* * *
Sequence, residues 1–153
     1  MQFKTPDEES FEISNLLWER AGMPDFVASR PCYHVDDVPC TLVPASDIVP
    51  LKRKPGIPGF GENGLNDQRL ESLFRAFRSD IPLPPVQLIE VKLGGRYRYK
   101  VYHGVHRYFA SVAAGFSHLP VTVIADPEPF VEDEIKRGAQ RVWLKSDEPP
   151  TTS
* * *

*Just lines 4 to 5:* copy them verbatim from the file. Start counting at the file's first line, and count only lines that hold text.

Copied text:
   101  VYHGVHRYFA SVAAGFSHLP VTVIADPEPF VEDEIKRGAQ RVWLKSDEPP
   151  TTS